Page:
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Pablo Picasso's Blue Period

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In this article on Arthive, you will learn about the works and paintings of the Spanish artist Pablo Picasso during the "blue period" between 1901 and 1904, when he painted monochrome paintings in shades of blue and blue-green, only occasionally warmed by other colors.
Pablo Picasso's Blue Period
Known to be one of the more famous artists, Pablo Picasso’s influence in the world of art has been quite notable. However, one of the most important times of this artist’s presence in this sector was the Blue Period. If you are an art enthusiast and want to know more about Picasso’s blue period, this article is the right place to be.

Description of the Blue Period

The blue period Picasso is a name given to the artworks of Pablo Picasso during the years 1901 and 1904. During this time period, he made art that was primarily monochromatic. Most of the blue period artworks had shades of blue-green, blue, and occasional warm tone highlights.
Picasso’s blue period artworks were mostly dark and gloomy and mainly influenced by Spain during this time. These artworks were painted in Paris and Barcelona and were some of his best works to this day. However, even though these artworks are celebrated today, he had quite a hard time selling them in those years.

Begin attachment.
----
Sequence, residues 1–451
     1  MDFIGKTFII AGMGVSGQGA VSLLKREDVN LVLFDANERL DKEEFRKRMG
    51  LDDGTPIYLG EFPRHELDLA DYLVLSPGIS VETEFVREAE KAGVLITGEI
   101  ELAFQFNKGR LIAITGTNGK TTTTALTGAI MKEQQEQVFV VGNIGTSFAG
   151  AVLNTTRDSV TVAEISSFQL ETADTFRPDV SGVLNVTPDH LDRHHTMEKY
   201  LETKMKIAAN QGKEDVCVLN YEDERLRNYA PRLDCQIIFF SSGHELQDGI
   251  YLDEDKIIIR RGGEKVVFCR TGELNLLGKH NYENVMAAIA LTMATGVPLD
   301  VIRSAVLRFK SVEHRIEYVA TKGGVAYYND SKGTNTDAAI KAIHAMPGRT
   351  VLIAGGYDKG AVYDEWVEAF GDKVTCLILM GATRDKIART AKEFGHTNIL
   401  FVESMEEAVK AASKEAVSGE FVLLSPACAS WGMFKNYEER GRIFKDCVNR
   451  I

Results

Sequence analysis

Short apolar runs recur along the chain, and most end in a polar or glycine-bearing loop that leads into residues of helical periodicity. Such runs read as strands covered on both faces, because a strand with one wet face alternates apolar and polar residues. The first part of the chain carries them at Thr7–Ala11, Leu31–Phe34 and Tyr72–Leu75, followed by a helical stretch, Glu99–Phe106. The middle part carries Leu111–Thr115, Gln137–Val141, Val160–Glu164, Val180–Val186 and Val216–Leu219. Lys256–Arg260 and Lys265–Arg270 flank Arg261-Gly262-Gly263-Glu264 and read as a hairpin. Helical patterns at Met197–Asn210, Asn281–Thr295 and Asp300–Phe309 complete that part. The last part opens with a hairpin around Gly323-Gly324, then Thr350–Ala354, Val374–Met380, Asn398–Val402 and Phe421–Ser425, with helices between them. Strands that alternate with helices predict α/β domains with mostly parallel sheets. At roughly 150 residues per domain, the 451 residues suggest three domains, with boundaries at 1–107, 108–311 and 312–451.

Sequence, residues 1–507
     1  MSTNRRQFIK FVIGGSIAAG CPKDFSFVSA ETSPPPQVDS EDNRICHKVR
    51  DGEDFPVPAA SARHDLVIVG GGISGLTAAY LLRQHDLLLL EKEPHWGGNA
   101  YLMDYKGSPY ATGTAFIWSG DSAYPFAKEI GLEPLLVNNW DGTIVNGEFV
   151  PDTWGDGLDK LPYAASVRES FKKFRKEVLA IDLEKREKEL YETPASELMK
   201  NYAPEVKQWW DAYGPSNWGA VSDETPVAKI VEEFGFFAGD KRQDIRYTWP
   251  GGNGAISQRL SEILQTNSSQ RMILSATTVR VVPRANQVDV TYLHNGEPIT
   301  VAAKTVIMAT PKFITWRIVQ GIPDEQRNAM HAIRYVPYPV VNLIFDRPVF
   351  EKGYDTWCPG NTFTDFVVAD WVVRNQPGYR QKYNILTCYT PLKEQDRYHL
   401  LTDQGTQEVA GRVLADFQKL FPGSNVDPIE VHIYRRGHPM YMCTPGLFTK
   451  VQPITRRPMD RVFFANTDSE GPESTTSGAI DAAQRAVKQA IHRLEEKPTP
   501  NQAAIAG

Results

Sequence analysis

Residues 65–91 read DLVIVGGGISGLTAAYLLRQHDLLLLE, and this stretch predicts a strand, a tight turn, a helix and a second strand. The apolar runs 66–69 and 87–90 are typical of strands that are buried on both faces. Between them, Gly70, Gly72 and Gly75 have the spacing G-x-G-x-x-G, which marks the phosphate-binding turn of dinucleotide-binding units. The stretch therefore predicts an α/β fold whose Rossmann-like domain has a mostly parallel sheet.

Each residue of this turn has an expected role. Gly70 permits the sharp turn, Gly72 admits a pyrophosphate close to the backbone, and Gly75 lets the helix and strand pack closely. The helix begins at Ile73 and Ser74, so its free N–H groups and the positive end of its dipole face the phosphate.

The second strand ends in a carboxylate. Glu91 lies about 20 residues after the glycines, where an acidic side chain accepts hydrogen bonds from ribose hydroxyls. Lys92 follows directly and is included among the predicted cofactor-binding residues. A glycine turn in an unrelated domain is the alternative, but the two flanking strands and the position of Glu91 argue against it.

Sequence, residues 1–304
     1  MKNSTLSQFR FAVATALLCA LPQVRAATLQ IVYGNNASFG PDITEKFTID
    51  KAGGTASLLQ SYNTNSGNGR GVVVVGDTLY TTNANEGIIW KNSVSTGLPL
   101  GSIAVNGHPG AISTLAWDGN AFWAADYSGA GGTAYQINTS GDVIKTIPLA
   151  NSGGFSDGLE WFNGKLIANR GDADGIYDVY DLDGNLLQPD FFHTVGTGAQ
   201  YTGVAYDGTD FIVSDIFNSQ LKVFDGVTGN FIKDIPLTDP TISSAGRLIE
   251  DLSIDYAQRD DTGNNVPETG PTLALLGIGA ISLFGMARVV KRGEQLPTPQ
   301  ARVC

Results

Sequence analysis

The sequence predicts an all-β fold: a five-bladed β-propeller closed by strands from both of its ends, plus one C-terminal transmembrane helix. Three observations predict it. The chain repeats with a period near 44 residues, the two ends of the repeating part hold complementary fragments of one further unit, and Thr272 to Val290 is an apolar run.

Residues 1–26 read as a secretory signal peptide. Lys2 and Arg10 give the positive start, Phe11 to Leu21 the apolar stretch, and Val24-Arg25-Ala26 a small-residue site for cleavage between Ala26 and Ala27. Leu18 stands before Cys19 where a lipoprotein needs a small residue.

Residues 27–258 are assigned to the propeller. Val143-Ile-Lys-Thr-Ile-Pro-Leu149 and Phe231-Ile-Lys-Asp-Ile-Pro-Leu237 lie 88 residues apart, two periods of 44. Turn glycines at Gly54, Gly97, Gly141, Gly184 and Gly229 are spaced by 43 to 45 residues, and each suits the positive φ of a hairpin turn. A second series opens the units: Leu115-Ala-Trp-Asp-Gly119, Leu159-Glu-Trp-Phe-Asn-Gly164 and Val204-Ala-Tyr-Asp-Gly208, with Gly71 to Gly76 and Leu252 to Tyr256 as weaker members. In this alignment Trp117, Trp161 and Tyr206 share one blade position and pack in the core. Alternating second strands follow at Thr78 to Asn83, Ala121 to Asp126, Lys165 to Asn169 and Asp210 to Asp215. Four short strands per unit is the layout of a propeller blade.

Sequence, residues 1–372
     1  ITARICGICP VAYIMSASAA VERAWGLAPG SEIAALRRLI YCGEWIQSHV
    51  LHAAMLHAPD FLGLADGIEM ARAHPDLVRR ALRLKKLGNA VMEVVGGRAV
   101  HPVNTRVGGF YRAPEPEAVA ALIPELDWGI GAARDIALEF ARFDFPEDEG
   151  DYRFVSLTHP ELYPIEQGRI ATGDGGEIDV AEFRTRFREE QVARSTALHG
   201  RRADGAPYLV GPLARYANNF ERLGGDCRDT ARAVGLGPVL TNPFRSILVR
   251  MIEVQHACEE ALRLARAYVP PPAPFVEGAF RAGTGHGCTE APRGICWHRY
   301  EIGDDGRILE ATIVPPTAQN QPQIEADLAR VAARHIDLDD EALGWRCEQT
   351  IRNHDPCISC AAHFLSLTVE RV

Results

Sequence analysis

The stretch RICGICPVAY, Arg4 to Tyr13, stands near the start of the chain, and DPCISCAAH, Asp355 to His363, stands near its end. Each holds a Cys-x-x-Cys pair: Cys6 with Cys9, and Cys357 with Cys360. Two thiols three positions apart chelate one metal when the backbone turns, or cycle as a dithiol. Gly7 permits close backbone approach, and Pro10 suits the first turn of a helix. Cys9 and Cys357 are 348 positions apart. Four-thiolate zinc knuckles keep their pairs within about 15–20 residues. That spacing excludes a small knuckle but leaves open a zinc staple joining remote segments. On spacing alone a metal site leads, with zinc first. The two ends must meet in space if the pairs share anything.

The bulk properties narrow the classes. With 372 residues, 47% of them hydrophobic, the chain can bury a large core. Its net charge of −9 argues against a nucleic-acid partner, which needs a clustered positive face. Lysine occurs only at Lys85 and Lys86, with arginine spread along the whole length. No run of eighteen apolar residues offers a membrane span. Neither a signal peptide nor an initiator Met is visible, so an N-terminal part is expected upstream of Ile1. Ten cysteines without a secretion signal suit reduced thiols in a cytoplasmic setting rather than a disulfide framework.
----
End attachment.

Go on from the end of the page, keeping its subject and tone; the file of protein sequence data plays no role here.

While the exact point of start of this period is quite hard to pin-point, it is speculated that this might have started during the springtime of 1901 in Spain or the latter half of the year in Paris.
As mentioned above, all the Pablo Picasso blue paintings of this time depict his journey through Spain. Nevertheless, there was a deeper insight into the morose tone of the paintings, which was later discovered.
During Pablo Picasso’s blue period, he started making sadder paintings, which his consumers did not really appreciate. The main reason this time period of Picasso’s work received this name was that he mainly shifted to a blue color palette. Along with that, since blue is a color that is often associated with sadness, this was the blue period meaning art enthusiasts got.
Pablo Picasso has shared a very distinct quality in his treatment of space, colors, mood, and even subject matter in his paintings throughout his life.
However, after the demise of his good friend, Picasso’s blue painting followed a rather unorthodox approach to his style. He started using the poor and needy as his subjects and did not cater to what his audiences really liked him for or even wanted.
He was usually the kind of artist who used to paint a number of canvases, sticking to one style or artistic idea. For the Pablo Picasso blue period, his inspiration was the death of his close friend and also his lover being in jail.
Blue period meaning